abusesaffiliationarrow-downarrow-leftarrow-rightarrow-upattack-typeburgerchevron-downchevron-leftchevron-rightchevron-upClock iconclosedeletedevelopment-povertydiscriminationdollardownloademailenvironmentexternal-linkfacebookfiltergenderglobegroupshealthinformation-outlineinformationinstagraminvestment-trade-globalisationissueslabourlanguagesShapeCombined Shapeline, chart, up, arrow, graphlocationmap-pinminusnewsorganisationotheroverviewpluspreviewArtboard 185profilerefreshnewssearchsecurityPathStock downStock steadyStock uptagticktooltiptwitteruniversalityweb

This page is not available in Deutsch and is being displayed in English

Story

Investigation finds NSO Group spyware sold to governments used against activists, politicians & journalists; company denies allegations

Pixabay

In July 2021 the Pegasus project, a reporting consortium of 17 media partners, began publishing an investigation into a trove of data linked to the surveillance technology company NSO Group. The data was initially accessed by Paris-based nonprofit media organisation Forbidden Stories and Amnesty International, and contains more than 50,000 phone numbers that are believed to have been identified as those of people of interest by clients of NSO since 2016. It suggests extensive abuse of NSO's hacking software that can surveil entire phone activity, Pegasus, by governments to target figures including human rights activists, journalists, and lawyers. The company insists that Pegasus is only intended for use against criminals and terrorists.

Among those whose numbers are contained in the data are hundreds of business executives, religious figures, academics, NGO employees, union officials and government officials, including cabinet ministers, presidents and prime ministers. More than 180 journalists are listed, including reporters, editors and executives at the Financial Times, CNN, the New York Times, France 24, the Economist, Associated Press and Reuters.

While the presence of a phone number in the data does not reveal whether a device was infected with Pegasus or subject to an attempted hack, the reporting consortium believes the data is indicative of the potential targets NSO’s government clients identified in advance of possible surveillance attempts. Its analysis identified at least 11 governments believed to be NSO customers who were entering numbers into a system: Azerbaijan, Bahrain, Kazakhstan, Mexico, Morocco, Rwanda, Saudi Arabia, Hungary, India, Togo, and the United Arab Emirates.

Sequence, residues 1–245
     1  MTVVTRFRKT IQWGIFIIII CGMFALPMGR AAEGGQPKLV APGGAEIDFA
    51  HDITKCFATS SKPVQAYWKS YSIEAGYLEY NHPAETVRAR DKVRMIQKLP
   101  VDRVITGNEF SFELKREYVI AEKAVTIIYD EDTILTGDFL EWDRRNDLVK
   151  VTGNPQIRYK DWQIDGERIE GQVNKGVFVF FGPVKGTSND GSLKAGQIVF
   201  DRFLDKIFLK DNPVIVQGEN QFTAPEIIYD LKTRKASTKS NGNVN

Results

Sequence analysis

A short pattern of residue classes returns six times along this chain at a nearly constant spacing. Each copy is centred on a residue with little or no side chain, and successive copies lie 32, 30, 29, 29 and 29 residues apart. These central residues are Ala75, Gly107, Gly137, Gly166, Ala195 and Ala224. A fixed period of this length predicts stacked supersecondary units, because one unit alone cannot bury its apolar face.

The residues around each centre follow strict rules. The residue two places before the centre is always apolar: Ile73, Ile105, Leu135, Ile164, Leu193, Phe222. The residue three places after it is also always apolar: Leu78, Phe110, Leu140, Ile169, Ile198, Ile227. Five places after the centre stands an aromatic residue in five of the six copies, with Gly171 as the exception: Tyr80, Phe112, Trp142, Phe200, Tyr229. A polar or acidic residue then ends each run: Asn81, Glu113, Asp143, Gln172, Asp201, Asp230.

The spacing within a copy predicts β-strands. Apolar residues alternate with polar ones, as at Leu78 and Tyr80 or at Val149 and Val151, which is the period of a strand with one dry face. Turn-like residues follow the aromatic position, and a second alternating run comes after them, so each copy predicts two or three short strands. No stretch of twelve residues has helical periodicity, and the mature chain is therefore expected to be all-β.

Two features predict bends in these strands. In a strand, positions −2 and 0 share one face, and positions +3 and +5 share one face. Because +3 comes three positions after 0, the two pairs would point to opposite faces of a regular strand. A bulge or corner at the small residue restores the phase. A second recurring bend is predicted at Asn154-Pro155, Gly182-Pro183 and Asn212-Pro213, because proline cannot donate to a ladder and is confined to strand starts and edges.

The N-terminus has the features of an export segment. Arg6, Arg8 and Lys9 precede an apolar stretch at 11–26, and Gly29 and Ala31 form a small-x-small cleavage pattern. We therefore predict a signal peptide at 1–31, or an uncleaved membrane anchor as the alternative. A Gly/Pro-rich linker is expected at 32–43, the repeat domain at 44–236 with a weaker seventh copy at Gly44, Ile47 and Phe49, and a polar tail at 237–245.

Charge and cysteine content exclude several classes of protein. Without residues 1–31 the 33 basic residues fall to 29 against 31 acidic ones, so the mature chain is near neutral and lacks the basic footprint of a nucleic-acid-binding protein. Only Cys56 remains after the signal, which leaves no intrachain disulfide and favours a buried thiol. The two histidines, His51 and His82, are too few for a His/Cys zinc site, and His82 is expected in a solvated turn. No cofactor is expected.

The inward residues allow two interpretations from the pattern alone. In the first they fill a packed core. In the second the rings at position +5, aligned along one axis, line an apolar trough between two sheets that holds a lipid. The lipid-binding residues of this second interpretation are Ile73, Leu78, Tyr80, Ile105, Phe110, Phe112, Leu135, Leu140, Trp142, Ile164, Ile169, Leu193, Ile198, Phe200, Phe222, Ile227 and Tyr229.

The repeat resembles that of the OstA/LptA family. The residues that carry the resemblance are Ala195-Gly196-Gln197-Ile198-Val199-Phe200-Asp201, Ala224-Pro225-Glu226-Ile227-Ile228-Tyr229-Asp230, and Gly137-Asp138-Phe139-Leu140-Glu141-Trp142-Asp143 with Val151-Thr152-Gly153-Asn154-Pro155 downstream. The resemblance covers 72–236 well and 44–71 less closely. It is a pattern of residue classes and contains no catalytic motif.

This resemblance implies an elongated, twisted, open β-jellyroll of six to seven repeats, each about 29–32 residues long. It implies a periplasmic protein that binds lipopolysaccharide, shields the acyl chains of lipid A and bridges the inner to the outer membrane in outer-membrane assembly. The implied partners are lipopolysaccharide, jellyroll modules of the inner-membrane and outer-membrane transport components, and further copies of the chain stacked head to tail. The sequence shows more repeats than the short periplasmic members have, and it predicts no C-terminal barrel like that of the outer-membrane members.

Amnesty International's Security Lab conducted forensic analysis of 67 smartphones where attacks were suspected, of which it found 23 were successfully infected and 14 showed signs of attempted penetration. These included the phones of family members of murdered Saudi journalist Jamal Khashoggi.

In response to the disclosures, Amazon Web Services shut down its infrastructure and accounts linked to NSO Group. Apple, whose iPhone smartphones were penetrated by Pegasus according to Amnesty's analysis, has condemned the cyber-attacks and defended its security standards, but faces pressure to do more to track and anticipate threats.

The Pegasus project revelations come just days after new research by the Citizen Lab finds another secretive surveillance technology company, Candiru, has developed tools used to target civil society, and reporting by the Committee to Protect Journalists finds further evidence the police in Botswana have been using Cellebrite's surveillance tools to target journalists. Civil society organisations have condemned the widespread abuse of surveillance technology, with Access Now calling for urgent action to hold the surveillance industry and governments accountable, and Reporters Without Borders announcing its intention to purse legal action against those responsible.

Story Timeline